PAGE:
A lawsuit has been filed against election officials in Arizona by Abe Hamadeh, the Republican nominee for attorney general, and it claims that the state’s “incompetence and mismanagement” caused “pervasive errors” in the 2022 election.
A report from John Solomon, of Just the News, explained the Republican National Committee joined Hamadeh in the 25-page complaint in Maricopa County Superior Court.
The election system says Hamadeh lost to Democrat Kris Mayes by only a few hundred votes, and an automatic recount was begun.
But Hamadeh charges that the count was skewed by “election board misconduct, the tallying of unlawful ballots, and the erroneous counting of votes,” the report explains.
“The voters of Arizona demand answers and deserve transparency about the gross incompetence and mismanagement of the General Election by certain election officials. Pervasive errors by our election officials resulted in the disenfranchisement of countless Arizonans who had their voices silenced. Arizonans deserve to have an election system that is transparent and fair and right now we have neither. Today’s challenge is the only way to provide accountability and restore confidence in our broken election system,” Hamadeh said.
“No one really believes deep down that Arizona rejected four top Republican candidates – three who were leading in almost every poll, including MSM polls – considering the breakdown of voter registration in the state. Republicans have a 4-point voter registration advantage over Democrats in the state as well as within Maricopa County. Republican candidates swept the rest of the races around the state, leading many to believe only those four top races, which featured all Trump-endorsed candidates, were deliberately targeted,” she explained.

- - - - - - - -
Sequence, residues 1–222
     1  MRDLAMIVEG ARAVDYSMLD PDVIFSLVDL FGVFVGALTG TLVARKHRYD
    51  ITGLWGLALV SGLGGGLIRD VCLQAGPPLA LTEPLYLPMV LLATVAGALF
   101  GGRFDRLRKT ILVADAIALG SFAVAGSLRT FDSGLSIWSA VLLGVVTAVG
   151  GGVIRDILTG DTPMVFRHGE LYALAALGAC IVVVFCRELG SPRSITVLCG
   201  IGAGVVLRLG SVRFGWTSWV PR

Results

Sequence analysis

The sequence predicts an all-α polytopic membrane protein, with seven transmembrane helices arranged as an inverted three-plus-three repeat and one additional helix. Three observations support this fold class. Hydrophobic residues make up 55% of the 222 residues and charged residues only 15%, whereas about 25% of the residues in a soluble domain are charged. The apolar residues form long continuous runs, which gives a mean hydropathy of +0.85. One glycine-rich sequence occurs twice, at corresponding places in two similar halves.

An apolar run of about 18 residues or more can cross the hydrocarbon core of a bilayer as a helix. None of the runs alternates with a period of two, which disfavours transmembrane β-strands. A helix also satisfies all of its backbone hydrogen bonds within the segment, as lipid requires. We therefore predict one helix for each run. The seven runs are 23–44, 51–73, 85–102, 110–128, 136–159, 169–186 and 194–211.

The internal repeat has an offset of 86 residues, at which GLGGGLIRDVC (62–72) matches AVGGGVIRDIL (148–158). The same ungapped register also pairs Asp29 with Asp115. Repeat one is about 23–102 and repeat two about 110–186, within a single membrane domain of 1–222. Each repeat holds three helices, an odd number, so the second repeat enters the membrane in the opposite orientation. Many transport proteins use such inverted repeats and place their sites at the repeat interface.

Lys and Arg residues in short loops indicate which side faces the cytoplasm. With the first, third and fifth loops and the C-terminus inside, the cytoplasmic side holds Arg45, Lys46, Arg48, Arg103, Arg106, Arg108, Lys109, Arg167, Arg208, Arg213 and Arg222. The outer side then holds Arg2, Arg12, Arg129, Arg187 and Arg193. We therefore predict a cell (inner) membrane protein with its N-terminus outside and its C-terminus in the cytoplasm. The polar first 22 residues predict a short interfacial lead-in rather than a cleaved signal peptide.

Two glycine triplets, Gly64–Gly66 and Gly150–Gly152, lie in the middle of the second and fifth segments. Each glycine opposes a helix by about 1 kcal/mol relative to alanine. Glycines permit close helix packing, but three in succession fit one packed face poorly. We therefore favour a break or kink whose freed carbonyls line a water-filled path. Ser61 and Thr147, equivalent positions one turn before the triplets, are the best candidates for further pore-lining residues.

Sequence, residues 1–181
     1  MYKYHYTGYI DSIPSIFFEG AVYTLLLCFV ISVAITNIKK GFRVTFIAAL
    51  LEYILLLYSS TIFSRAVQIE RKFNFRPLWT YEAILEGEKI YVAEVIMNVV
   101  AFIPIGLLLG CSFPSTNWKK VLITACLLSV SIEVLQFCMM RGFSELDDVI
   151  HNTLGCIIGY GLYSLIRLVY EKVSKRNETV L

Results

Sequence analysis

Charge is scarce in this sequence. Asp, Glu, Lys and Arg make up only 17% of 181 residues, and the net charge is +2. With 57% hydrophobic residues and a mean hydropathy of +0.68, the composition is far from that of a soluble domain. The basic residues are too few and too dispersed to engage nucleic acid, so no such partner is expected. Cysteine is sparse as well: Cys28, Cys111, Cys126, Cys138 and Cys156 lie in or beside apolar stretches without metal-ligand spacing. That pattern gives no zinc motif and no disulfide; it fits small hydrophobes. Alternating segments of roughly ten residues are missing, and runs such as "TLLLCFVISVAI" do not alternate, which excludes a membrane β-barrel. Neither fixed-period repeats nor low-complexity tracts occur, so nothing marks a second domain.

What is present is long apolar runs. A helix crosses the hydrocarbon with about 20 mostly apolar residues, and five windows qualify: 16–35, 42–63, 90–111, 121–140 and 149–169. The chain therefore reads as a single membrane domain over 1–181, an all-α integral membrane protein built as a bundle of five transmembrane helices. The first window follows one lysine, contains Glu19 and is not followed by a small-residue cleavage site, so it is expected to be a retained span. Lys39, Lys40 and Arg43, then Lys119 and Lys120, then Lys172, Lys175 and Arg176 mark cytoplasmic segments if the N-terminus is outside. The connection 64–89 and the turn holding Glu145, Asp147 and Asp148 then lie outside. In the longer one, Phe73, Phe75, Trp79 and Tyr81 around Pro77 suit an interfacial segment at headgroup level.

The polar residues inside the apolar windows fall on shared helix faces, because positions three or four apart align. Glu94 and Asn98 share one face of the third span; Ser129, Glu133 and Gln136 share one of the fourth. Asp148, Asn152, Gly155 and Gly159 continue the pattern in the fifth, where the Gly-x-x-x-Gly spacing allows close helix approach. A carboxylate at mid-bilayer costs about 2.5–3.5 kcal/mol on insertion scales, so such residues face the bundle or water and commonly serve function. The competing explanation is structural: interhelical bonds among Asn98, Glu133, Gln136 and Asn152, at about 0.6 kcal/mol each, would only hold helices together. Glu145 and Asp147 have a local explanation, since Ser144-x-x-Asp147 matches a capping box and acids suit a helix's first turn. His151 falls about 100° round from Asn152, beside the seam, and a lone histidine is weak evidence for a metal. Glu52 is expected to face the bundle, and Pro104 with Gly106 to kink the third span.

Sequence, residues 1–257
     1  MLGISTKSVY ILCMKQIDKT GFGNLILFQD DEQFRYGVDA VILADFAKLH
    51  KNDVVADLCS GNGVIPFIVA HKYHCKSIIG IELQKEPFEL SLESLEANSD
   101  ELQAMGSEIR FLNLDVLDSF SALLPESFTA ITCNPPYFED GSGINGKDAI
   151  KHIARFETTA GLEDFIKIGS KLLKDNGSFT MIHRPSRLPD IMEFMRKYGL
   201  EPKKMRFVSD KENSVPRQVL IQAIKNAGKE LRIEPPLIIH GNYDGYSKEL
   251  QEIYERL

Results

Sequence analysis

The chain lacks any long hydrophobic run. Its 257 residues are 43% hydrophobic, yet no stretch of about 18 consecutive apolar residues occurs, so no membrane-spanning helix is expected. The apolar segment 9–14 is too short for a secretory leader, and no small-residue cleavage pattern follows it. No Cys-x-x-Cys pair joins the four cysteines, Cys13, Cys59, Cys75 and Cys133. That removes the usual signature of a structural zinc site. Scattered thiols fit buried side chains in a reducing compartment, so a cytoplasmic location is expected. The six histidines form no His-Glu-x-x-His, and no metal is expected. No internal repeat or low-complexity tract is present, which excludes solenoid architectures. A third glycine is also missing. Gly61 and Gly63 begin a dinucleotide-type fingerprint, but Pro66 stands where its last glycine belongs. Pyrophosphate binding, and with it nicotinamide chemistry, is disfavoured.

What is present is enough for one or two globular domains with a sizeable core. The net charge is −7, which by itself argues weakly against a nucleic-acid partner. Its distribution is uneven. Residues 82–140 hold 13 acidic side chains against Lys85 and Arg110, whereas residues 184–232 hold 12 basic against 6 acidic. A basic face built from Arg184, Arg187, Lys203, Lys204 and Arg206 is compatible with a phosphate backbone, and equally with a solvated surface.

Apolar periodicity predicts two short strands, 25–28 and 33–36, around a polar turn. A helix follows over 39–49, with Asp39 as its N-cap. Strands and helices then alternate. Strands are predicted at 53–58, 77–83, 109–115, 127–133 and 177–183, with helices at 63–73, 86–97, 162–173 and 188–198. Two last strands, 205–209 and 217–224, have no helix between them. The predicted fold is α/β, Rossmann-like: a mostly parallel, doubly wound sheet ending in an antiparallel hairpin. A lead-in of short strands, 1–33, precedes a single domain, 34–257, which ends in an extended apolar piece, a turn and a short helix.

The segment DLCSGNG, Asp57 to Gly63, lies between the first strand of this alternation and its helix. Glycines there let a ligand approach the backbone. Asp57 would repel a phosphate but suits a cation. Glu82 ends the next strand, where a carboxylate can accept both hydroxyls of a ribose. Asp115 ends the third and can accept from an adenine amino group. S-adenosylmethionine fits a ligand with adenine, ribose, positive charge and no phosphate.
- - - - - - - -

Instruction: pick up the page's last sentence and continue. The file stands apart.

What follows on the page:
“Other than those four key races, Arizona Republicans performed exceedingly well in the election, reminiscent of 2020 when only Trump (and weak Senate candidate Martha McSally) lost. The GOP flipped Arizona’s congressional delegation back to majority Republican, winning two open seats, took back a seat on the Arizona Corporation Commission that was lost in 2018, gained two seats on the Central Arizona Project board, and kept both chambers of the Arizona Legislature, including getting an even more conservative Senate president, Warren Petersen. Numerous new conservative candidates were elected to school boards, and the party appears almost certain to take back superintendent of schools from the incumbent Democrat. Several of the candidates in those races, including a couple of legislative candidates who won, were endorsed by Trump.”
She pointed out, “Voters are wondering how incumbent Republican State Treasurer Kimberly Yee received more votes than any of the other statewide candidates – about 100,000 more than GOP gubernatorial candidate Kari Lake – even though she had low name recognition, was not endorsed by Trump, didn’t get the base excited and conducted a relatively quiet, uneventful first term. It’s not because Yee didn’t have a significant opponent; State Sen. Martin Quezada is one of the most well-known and popular Democrats in the state. On the other hand, Lake brought out thousands to huge rallies and was considered a Trump-like sensation across the state, with huge name recognition due to being a longtime popular news anchor in the Phoenix market.”
She cited one of the “main theories” being that “likely a tech inspector, was paid a large amount of money to incorrectly adjust the settings on printers located in heavily Republican precincts the night before, after the final tests of equipment were performed…”
That’s because many, many more Republicans voted on election day than Democrats. Dozens of locations that day reported machine failures.
Reports have charged ballots were misread, they were mixed with those already counted, stored in “black satchels” and simply not tabulated.
Other lawsuits already are being developed.
She explained, “Election-fraud experts tell me it’s part of a plan by Democrats to take over states one by one. First they started with states like California, Washington and Oregon. They moved on to states like Colorado and Nevada. Arizona happens to be their latest target. One election-fraud expert in California believes there are actually rather close numbers of Republicans and Democrats in that state, but due to years of election fraud there, no one bothers investigating anymore, allowing it to become rampant.”